But there are only so many movies made each year, such that a dedicated film critic can actually see a fair fraction of them. That makes the inevitable movie lists somewhat more canonical.

The AVC movie list doesn't disappoint. In particular, I really can't argue with their choice for Best Movie of the Aughts -- Eternal Sunshine of the Spotless Mind. Every time I see the film it looms larger - wholly original and oddly comforting for a movie that deals with the fading of love and memory reprogramming. It dazzles you with its cleverness and intricacy but ultimately wins your heart (or at least mine) by tapping into more primal feelings of rebirth and possibility. It is not often that movies hit both of those notes as clearly as this one.

I was pleasantly surprised to see Spike Lee's 25th Hour clock in at #2. I liked it a lot when I first saw it, but it would be interesting to see if it holds up. Edward Norton rocks. I was also happy to see some love shown for:
  • Spirited Away (#6)
  • Children of Men (#10)
  • Y Tu Mamá También (#15)
  • Mulholland Drive (#18)
  • United 93 (#22)
  • The Incredibles (#26)
  • A.I. (#32) [*]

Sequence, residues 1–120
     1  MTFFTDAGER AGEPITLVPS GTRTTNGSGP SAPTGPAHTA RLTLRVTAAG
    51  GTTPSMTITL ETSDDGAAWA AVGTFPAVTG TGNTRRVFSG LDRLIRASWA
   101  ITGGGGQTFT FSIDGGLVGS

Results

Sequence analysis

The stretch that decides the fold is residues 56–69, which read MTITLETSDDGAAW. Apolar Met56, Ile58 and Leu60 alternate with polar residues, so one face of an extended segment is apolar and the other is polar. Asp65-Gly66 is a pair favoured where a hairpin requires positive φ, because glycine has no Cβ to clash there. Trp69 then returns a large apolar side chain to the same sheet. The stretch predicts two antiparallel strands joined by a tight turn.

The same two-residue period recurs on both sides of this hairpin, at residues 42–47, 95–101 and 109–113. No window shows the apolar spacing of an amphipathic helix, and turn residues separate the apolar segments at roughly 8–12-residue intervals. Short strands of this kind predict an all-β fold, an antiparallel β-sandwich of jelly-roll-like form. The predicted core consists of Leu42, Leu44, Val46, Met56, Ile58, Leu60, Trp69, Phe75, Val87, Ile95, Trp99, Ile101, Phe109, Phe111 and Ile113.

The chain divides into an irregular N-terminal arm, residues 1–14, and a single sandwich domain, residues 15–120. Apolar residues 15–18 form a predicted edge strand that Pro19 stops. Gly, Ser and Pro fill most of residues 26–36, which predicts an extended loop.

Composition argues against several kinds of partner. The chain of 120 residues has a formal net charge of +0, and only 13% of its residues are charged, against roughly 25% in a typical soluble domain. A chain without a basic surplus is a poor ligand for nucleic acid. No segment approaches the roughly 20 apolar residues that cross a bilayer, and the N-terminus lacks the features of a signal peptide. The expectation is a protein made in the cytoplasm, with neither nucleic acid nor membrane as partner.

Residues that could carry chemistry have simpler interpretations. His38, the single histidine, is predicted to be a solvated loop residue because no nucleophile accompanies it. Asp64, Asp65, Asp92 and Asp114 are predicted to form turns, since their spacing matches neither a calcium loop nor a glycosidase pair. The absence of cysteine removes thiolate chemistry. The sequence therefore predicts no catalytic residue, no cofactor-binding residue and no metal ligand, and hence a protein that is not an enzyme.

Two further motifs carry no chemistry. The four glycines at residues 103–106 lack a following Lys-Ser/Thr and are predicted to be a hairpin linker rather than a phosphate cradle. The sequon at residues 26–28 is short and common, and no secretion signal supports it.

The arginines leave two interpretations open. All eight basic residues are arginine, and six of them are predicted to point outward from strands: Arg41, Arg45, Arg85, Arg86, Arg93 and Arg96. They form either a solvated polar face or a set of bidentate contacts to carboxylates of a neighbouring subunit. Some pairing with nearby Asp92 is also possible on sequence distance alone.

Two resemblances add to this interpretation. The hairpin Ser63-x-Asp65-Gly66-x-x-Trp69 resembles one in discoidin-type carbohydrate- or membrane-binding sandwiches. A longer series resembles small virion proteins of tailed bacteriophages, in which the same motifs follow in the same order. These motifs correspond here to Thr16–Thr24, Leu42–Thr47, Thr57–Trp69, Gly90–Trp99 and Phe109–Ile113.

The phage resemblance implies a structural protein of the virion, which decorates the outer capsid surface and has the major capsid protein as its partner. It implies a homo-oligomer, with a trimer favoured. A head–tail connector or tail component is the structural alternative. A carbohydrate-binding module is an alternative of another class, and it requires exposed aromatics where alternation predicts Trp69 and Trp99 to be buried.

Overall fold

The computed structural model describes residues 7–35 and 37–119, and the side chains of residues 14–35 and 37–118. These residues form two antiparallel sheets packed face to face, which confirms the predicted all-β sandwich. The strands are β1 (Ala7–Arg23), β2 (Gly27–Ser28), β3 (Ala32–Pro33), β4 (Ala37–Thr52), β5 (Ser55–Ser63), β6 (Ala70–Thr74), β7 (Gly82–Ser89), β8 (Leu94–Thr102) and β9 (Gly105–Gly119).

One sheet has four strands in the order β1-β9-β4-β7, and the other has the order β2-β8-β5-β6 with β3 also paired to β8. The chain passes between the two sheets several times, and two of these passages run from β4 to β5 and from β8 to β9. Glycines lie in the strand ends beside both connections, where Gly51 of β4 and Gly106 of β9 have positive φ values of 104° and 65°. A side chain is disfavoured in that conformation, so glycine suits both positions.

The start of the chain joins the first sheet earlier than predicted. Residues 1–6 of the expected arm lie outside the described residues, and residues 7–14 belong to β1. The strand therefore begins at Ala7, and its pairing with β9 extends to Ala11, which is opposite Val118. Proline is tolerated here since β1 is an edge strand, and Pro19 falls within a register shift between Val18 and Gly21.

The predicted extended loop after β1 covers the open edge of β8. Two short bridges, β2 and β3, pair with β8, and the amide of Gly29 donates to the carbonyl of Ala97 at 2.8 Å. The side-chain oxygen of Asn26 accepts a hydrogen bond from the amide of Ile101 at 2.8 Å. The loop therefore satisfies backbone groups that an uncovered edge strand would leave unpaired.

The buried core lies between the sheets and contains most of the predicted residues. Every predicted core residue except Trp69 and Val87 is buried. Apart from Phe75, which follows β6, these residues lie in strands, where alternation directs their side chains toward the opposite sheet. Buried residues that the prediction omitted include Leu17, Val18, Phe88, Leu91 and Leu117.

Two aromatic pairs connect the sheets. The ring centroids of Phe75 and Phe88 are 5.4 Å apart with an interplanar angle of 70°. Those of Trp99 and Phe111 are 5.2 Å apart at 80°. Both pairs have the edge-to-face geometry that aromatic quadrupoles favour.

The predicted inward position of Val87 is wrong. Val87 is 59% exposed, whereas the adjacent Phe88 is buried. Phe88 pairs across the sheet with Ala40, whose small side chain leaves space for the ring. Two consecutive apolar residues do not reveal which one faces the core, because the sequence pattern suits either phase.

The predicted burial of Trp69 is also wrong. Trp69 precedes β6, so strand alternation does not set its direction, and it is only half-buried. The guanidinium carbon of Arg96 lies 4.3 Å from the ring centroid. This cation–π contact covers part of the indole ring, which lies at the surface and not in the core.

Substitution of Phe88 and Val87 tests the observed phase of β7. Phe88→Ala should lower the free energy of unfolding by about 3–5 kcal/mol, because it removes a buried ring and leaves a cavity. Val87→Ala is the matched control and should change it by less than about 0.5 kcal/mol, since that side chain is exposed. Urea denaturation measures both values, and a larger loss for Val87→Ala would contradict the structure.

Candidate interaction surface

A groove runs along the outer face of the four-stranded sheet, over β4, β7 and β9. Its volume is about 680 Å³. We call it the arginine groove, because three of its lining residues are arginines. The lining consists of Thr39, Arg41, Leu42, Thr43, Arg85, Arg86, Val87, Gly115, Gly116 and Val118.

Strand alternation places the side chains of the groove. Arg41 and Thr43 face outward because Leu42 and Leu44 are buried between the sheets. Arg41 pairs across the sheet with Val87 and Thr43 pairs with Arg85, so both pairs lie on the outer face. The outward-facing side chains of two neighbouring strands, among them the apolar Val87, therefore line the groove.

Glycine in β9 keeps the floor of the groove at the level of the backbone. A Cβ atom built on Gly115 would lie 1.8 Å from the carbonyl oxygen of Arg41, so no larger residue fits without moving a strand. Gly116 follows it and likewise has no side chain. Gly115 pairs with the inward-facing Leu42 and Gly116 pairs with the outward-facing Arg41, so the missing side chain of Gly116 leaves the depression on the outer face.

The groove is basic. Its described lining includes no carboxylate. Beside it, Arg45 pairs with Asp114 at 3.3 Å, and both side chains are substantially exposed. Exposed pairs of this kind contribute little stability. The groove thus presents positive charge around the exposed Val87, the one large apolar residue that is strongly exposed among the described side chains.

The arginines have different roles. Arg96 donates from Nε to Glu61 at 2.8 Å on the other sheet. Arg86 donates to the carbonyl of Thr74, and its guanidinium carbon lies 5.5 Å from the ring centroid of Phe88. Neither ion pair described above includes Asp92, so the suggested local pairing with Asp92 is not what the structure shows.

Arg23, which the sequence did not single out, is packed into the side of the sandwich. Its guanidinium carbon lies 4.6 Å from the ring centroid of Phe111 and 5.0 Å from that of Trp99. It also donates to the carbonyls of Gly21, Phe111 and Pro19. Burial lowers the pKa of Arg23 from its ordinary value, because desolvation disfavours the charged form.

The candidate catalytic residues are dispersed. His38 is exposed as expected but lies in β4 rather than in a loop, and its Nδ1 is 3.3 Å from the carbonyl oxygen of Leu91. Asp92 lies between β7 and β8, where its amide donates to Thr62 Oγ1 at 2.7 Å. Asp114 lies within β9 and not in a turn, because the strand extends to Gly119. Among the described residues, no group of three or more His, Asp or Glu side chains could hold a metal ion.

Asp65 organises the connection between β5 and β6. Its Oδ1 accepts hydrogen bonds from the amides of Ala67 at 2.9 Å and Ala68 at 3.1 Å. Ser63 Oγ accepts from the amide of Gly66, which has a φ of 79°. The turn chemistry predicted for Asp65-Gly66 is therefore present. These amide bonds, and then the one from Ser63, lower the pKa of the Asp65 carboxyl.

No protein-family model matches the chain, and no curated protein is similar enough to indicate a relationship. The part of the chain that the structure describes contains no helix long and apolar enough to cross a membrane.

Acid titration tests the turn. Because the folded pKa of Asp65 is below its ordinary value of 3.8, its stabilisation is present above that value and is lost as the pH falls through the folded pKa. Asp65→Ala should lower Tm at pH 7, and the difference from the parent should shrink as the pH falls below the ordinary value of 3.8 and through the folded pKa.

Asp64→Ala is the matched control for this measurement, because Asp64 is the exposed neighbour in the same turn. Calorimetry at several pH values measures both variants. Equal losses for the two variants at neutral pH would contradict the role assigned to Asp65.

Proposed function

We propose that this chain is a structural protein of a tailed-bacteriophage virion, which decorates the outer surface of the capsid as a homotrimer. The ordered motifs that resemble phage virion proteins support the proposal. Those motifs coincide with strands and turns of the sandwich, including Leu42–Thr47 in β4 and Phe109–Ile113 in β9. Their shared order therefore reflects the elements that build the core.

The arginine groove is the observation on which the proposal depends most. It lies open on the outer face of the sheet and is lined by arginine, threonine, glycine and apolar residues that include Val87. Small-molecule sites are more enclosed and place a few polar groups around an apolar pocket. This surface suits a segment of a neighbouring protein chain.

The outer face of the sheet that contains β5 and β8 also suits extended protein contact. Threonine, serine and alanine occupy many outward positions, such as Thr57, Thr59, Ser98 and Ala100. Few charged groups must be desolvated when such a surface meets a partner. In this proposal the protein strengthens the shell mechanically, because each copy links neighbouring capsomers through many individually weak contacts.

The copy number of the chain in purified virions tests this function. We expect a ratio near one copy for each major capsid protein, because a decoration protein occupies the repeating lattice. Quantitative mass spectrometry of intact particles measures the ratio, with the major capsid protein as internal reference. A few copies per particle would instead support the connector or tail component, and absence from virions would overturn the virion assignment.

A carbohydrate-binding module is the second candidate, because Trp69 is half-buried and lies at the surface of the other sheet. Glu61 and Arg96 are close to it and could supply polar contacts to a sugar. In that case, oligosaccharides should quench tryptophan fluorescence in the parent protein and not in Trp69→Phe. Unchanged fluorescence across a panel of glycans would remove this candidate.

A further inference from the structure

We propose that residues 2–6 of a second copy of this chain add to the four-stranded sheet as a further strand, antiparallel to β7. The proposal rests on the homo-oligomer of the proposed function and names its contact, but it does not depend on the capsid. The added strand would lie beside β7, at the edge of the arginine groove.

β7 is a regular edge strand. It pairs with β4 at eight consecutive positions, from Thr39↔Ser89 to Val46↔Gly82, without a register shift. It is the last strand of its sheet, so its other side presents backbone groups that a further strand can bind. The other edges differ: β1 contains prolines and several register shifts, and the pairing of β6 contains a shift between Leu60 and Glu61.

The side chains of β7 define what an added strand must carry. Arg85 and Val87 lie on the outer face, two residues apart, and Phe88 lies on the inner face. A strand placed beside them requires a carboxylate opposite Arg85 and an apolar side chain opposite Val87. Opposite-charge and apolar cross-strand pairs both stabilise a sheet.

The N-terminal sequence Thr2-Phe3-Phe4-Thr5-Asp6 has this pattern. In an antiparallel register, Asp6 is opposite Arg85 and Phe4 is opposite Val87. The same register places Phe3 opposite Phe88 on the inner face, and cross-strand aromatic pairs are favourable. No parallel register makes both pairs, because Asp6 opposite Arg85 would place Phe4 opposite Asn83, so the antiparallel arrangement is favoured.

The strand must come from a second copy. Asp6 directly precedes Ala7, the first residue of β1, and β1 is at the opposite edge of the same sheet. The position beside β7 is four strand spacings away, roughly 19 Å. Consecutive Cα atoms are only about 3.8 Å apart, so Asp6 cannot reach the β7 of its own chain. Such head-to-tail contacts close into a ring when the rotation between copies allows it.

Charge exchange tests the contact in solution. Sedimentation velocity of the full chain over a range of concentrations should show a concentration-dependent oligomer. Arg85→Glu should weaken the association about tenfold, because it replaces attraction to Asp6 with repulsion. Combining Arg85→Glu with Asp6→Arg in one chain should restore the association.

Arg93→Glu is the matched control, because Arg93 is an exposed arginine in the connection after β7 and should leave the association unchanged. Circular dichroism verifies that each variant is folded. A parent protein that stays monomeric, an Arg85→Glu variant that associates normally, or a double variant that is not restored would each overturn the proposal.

• Pan's Labyrinth (#36)
  • The Prestige (#39)
  • City of God (#40)
  • The Dark Knight (#41)
The rest of the list is rounded out by excellent films. Of the films I had seen, the only one I scratched my head at was The Man Who Wasn't There, a lesser Coen Bros. effort that I remember finding fairly dull at the time. Totally on board with No Country For Old Men at #4, however.

[* Laura Jean mocks me for liking this one. She thinks it is pretentious crap.]


Yesterday was the 25th anniversary of the Bhopal disaster -- a massive chemical release at a Union Carbide plant in India that killed between 4 and 10,000 people in the first few days and more than 20,000 people in the years since. The Big Picture devotes its daily photo essay to the tragedy, which can be seen here.

Justice for the victims has been elusive and the company (naturally) claims its innocence. Union Carbide (now owned by Dow Chemical) settled with the Indian government for a pathetically small sum in 1989 and the actual victims saw very little of the cash. Furthermore, the company never cleaned up the site, chemicals from which are apparently still leaking into the local groundwater. There is apparently a warrant out for the arrest of the former CEO, should he ever set foot in India.

So yeah, a pretty crappy situation. If you're interested in learning more check out Students for Bhopal, who recently helped organize a series of actions to mark the anniversary.